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    December 5, 2022

    Drug Discovery Industry Roundup with Barry Bunin — December 2022

    Barry Bunin, PhD Founder & CEO Collaborative Drug Discovery
    Barry Bunin, PhD
    Founder & CEO
    Collaborative Drug Discovery

    Lecanemab: "The Benefit is Real; So Too are the Risks." That's from coverage in The New York Times, which uses a sober, non-hyped headline of "Alzheimer's Drug May Benefit Some Patients, New Data Shows." We all hope this proves to be a significant milestone on the long march toward fighting Alzheimer's, but the prize has been elusive. The article noted some researchers expressing concern that lecanemab "also caused some patients to experience brain swelling or brain bleeding." A report of the findings published in the New England Journal of Medicine said that over 18 months, lecanemab "resulted in moderately less decline on measures of cognition and function," compared with patients receiving a placebo. Still, the study of nearly 1,800 patients with mild symptoms, which was funded by the companies and co-written by scientists at Eisai, concluded that "longer trials are warranted to determine the efficacy and safety of lecanemab in early Alzheimer's disease." FIERCE Biotech also takes a cautious approach with its article headlined "Facing a Familiar Side Effect Problem, Eisai Makes the Case for its Next Alzheimer's Drug After Patient Deaths." The article notes "Two potential treatment-related deaths have dimmed the initial glow surrounding Eisai and Biogen's next Alzheimer's disease therapy lecanemab."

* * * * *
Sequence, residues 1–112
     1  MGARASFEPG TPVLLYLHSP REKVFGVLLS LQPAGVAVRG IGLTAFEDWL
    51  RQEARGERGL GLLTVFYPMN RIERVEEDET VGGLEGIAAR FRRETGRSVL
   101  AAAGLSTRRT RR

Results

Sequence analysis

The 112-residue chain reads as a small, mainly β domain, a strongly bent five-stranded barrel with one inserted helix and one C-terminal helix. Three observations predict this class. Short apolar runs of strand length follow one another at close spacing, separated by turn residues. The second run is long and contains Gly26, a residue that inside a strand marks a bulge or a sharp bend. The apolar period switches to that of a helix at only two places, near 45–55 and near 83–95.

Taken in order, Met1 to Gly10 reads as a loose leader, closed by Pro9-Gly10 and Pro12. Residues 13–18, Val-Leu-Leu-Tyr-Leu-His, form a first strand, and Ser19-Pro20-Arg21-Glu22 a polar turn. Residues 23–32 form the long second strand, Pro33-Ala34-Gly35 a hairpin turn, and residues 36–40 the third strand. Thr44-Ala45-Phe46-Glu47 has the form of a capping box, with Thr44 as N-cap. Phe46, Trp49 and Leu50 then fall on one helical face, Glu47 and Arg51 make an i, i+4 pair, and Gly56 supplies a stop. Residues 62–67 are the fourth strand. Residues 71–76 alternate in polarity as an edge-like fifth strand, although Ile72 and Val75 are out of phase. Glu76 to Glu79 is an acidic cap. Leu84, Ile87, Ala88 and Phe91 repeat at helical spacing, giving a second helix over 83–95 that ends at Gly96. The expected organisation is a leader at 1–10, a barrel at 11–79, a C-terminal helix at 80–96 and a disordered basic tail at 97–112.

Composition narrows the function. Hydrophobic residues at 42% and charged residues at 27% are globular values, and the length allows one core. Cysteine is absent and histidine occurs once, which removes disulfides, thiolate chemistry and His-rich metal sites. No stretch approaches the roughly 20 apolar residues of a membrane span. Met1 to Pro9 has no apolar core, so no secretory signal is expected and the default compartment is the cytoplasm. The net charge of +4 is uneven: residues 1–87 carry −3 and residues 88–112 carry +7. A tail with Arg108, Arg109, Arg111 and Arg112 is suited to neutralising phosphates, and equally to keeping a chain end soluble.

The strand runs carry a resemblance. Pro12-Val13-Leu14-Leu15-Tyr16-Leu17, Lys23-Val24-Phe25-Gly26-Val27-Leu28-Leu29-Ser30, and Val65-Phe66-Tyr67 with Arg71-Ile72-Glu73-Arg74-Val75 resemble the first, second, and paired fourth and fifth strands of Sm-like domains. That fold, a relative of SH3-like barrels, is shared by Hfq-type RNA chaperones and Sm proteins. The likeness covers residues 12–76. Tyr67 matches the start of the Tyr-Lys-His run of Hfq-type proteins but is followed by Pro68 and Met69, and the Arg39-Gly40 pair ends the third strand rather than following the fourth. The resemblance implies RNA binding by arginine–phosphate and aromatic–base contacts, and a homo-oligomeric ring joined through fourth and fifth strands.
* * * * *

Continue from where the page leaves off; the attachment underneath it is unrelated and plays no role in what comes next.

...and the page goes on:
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    "Roche Shutters Most Trials of Alzheimer's Drug After Failed Trials." That's a headline from Reuters reporting that Swiss drugmaker Roche is closing down most clinical trials of its experimental Alzheimer's drug gantenerumab after it failed to slow advance of the mind-robbing disease in a pair of large, late-stage studies. Roche says it will stop all gantenerumab studies in early Alzheimer's disease, including extension studies of the Graduate trials and the Skyline Phase III study in patients with evidence of amyloid in the brain but no signs of cognitive decline. On a brighter note, Reuters quotes Rachelle Doody, Roche's Global Head of Neurodegeneration Drug Development as saying "We remain committed to Alzheimer's disease and will direct our focus to new and potentially improved approaches for new treatments."